• jamesbeaz, I’d be interested in hearing any concrete suggestions you might have on ways to improve the city, even though other readers will probably rise up to disagree with me for asking. You don’t seem to be calling for a return to the “good old days,” but are advocating for a certain “realness” you suggest is in decline with the influx of “the gentrifying class.” Is there anything you’d recommend to keep this “realness” intact? (From a Shaw neighbor who would probably disgust you, but who is genuinely interested in dialogue.)

        • Absolutely — first of all, DC would implement a commuter tax so all the Bethesda/McLean multi-millionaires who drive (well, a few take the metro) into the city everyday — via SUV or large sedan — could contribute to ameliorating our extreme poverty by funding additional social programs: universal pre-K, more generous Medicaid coverage/ACA subsidies, improved infrastructure (e.g. sidewalks, streets, intra-DC transport). In addition, landlords would be disciplined with 21st Century — meaning, fair for both landlords and tenants — rent control policies, such as those being implemented in Paris ( We would also focus on increasing the supply of housing, which would drive down housing costs (yes, some owners might not get quite as rich from flipping their rowhouse, but more middle-class families could afford homes) by removing the height limit in certain sections of the city, as well as allowing increased density. (Again, yes, certain rowhouse-owning elites would have to deal with their neighborhoods becoming more dense with a few more, taller apartment buildings around metro stations and bus routes. While we’re at it, we’d remove the insane minimum-parking requirement — for all new construction — so car-free, lower-income folks wouldn’t be forced to subsidize the cost of an underground garage for their neighbor’s SUV. Last, but not least, we’d probably implement a kind of millionaire’s tax — or tax on wealth — to help support the social programs/infrastructure that would not be entirely financed by my tax on commuters working in DC and living in Virginia and Maryland. If we’re talking me getting everything I want, I’d also throw as many barriers up to personal gun ownership as possible. This is how we get a better, fairer, safer, healthier, more pleasant DC — for everyone.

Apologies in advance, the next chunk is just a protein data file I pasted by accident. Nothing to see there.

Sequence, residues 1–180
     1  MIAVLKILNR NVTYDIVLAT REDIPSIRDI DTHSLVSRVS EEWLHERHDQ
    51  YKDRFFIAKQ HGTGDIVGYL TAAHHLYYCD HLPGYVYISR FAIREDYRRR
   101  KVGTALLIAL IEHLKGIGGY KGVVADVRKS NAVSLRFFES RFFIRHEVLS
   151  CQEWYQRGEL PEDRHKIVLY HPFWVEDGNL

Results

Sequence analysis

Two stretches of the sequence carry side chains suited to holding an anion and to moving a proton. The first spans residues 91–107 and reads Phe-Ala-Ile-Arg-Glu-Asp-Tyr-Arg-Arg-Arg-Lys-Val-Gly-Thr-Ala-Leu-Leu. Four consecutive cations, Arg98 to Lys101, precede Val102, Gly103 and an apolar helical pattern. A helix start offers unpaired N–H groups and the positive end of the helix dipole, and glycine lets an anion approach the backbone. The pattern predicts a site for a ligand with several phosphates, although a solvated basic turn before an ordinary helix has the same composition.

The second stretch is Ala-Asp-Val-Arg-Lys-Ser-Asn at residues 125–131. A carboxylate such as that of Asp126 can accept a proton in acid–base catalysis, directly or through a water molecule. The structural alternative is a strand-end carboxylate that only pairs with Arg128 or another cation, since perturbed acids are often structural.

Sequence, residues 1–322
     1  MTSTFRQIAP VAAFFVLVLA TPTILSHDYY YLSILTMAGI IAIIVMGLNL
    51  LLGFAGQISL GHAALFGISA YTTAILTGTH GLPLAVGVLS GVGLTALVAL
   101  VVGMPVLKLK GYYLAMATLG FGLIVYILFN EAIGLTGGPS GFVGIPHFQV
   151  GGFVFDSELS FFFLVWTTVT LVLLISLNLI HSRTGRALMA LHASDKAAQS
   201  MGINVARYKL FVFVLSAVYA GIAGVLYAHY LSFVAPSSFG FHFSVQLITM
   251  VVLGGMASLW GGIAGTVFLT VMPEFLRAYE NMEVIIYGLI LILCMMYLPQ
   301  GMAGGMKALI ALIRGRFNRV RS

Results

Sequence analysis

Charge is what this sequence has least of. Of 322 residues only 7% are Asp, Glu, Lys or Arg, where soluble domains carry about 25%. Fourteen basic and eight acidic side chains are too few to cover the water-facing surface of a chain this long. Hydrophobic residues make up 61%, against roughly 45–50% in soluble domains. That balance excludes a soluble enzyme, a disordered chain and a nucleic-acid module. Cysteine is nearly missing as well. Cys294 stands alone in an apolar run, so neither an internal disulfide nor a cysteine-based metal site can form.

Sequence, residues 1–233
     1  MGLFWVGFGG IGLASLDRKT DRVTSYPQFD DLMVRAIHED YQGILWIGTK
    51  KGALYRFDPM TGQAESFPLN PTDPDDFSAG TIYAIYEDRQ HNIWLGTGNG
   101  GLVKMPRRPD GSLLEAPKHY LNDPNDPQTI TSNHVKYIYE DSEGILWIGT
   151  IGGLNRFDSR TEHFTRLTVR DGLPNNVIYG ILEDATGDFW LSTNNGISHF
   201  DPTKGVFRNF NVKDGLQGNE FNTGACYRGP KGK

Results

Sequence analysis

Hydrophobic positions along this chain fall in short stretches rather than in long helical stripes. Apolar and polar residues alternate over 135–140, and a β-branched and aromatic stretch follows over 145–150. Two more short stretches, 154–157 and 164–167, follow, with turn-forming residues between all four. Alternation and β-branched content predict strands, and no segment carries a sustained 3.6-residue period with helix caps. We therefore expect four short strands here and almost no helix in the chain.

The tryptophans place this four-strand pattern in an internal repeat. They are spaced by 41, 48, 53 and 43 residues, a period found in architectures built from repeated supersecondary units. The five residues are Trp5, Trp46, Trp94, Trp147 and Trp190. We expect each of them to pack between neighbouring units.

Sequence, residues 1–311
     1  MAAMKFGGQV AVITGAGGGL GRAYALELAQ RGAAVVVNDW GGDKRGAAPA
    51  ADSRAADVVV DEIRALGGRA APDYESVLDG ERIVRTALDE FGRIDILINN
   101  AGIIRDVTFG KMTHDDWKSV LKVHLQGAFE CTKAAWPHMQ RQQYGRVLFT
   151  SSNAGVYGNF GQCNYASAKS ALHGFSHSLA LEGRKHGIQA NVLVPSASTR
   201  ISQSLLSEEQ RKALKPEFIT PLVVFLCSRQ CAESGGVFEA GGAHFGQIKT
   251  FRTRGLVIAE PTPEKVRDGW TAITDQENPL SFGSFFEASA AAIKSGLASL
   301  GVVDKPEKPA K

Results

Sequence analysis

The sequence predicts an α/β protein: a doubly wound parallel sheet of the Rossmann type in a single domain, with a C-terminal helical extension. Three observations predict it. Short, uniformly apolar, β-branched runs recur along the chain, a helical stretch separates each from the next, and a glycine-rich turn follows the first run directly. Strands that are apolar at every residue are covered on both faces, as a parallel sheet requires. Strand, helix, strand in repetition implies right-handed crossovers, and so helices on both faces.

Unfortunately, our dysfunctional, right-wing Congress would throw a fit about many of these proposals (so, too, would many of the provincial-minded Americans who inhabit DC and don’t understand that the government has a role to play in making cities better places to live), but in an ideal world, they would all be implemented.

          • I think these are all very compelling proposals, and quite concrete. For whatever it’s worth, I think people here would be very open to talking these kinds of options through and might even get behind you on them if the ideas weren’t initially presented with as much apparent antagonism directed at people who some of us (including me) identify with. For example, I own a rowhouse in DC and if I’m being honest with myself, that absolutely makes me “elite.” And a gentrifier too. But just because I have the means to own a (small) Shaw rowhouse doesn’t mean that I want to crush DC’s poor and middle class. I don’t. It bothers me a lot that this is the effect I and people like me have and I wish I could think of ways around this. In my own ideal world, DC would be/stay accessible and not push long-time residents out of the city. But since we’re living in the world as it is, not either of our ideal worlds, I think it’s good to focus on the things we actually can do, while pushing to do even more. And try like hell to get along in the meantime. Could we agree on that last point?

          • Wow. Just. Wow. So once you’ve transferred ALL the money to poor people so they don’t ever, ever have to work again, what happens?

          • Shunt the earners out of the city so we can all live the good life!